Jethro Tull in Space

Article Updated: 18 Jan , 2016
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I’ve had this song in my head ever since Sunday when I first saw this video, so finally decided I had to post it. Astronaut (and flautist) Cady Coleman on board the International Space Station hooked up with Ian Anderson, founder of the rock band Jethro Tull, to collaborate for the first space-Earth duet. The song, “Bourree in E Minor,” was written by Johann Sebastian Bach, but Jethro Tull made the song famous (again) with their own arrangement of the tune back in 1969, the same year Neil Armstrong and Buzz Aldrin stepped on the moon. Coleman and Anderson played the song in recognition of 50 years of human spaceflight and the anniversary of the first launch of a human to space by cosmonaut Yuri Gagarin on April 12, 1961.

Coleman played her part from 220 miles above Earth late last week. Anderson played his part while on tour in Perm, Russia, during the weekend. The two parts were then joined.

Just see if you can keep this song out of your head for the rest of the day!

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7 Responses

  1. J. Major says:

    Oh wow. That’s wonderful! And so inspirational as well…more human endeavors should be aimed at the mixture of science, music, art and exploration. Hopefully this will catch on. 🙂 Thanks for sharing!

  2. Jasal says:

    That was great. Next: Earth v ISS dueling banjos.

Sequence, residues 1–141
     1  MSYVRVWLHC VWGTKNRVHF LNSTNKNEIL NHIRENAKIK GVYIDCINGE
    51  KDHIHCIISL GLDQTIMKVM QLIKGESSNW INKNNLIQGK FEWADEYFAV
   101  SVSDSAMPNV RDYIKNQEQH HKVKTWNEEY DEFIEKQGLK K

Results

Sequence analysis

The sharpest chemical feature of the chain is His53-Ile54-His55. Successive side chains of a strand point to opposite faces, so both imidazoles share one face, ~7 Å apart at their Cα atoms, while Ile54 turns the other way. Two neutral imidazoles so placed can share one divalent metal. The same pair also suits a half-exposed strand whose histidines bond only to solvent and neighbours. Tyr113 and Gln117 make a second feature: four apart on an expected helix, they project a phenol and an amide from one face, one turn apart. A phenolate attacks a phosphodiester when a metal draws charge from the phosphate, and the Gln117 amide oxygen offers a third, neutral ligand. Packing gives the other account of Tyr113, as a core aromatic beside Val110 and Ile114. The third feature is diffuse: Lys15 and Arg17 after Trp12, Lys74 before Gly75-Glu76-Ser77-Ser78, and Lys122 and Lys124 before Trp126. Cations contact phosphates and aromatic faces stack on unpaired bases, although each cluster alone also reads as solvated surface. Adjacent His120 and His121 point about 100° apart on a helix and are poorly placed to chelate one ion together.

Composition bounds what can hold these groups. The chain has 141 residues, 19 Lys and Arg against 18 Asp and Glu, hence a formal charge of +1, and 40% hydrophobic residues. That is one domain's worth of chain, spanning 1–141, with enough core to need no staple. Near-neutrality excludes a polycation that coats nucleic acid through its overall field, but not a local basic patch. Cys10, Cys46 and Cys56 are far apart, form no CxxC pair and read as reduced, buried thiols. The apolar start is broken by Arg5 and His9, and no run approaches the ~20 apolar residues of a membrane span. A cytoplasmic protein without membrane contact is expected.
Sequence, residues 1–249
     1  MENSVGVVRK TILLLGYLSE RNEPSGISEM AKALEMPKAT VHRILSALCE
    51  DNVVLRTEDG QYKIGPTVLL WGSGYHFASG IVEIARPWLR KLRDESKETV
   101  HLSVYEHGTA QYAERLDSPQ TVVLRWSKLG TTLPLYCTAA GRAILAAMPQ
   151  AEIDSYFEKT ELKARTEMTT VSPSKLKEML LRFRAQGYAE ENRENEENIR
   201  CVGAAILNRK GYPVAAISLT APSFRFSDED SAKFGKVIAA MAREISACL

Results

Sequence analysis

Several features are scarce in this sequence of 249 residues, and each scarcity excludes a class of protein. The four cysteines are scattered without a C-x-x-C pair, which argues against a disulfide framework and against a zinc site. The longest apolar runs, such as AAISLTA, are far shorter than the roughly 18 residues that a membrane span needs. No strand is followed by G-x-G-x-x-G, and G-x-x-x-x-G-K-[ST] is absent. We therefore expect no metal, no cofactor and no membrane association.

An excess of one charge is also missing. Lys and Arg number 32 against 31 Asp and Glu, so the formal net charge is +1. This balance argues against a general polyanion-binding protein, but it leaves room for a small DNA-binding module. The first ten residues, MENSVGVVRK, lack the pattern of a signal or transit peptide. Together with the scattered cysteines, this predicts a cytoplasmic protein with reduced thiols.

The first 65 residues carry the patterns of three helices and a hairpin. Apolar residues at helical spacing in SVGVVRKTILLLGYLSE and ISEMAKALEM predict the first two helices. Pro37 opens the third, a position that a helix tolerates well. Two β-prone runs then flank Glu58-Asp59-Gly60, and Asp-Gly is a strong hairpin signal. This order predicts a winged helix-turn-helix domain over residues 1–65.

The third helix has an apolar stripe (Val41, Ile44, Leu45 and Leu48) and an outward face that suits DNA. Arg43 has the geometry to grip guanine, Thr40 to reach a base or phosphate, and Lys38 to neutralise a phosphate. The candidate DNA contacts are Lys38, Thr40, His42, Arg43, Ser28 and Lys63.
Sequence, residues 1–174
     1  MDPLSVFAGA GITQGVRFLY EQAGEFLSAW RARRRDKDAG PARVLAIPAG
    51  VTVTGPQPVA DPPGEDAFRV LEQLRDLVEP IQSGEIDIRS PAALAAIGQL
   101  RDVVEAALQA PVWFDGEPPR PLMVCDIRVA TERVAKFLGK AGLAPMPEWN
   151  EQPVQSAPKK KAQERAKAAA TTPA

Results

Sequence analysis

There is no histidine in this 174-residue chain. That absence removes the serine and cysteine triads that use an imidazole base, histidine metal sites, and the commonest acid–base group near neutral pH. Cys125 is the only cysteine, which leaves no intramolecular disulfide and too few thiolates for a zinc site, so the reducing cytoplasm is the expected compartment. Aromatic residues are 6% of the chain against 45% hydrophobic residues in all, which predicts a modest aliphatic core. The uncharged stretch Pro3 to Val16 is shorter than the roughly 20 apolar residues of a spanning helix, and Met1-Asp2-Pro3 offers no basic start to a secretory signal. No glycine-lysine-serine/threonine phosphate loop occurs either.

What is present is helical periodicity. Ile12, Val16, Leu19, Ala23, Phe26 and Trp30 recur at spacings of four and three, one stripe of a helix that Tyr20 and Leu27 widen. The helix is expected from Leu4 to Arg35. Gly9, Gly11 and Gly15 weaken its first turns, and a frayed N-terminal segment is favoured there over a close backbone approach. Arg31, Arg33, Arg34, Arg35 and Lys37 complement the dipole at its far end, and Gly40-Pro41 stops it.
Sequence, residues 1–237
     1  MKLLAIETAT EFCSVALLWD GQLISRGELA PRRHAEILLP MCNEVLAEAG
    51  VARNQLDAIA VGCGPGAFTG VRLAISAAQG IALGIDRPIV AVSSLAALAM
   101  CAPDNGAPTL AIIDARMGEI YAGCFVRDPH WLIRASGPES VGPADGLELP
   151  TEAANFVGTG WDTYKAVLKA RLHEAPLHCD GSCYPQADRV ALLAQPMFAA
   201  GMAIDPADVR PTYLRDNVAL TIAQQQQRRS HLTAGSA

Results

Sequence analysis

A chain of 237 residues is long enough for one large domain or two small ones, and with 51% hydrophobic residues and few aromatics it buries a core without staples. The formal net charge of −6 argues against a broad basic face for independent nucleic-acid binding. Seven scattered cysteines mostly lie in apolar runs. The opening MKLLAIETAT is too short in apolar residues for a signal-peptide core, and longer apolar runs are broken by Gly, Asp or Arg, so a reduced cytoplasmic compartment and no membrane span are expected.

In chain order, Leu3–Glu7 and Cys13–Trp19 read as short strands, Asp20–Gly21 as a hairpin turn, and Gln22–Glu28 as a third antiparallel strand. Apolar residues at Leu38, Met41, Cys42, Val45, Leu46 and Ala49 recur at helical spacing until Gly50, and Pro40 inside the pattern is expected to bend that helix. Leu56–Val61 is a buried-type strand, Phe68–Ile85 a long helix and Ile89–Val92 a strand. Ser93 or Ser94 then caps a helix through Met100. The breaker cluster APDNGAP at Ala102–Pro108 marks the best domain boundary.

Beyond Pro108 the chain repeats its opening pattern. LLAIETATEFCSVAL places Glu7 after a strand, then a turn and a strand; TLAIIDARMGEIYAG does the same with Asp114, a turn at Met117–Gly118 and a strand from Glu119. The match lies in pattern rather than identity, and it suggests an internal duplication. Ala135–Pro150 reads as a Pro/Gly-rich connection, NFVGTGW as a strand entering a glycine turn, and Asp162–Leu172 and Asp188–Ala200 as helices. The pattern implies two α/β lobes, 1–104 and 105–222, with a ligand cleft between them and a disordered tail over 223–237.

3. Aqua says:

    I like! that tune was an anthem for my g-g-g-generation!

  4. Lawrence B. Crowell says:

    In HS Jethro Tull produced “Heavy Horses,” which I picked up and loved it. I ended up buying all their albums. BTW I play woodwind instruments, in particular the flute. So I have been a JT fan for years, and played Bouree on a number of occassions.

    LC

    • wjwbudro says:

      Listening to those lyrics again brings to mind the retiring “heavy” lifting shuttle workhorses.

  5. Johnny Velocity says:

    Very nice! I saw Jethro Tull in concert 3 years ago. I’d love to go to the ISS or even a bigger, nicer place and see them there! (probably won’t beat the Red Rocks setting they were in 3 years ago, but would certainly compete strongly!)

  6. tballou says:

    This could be the single most important contribution of the ISS this entire year.

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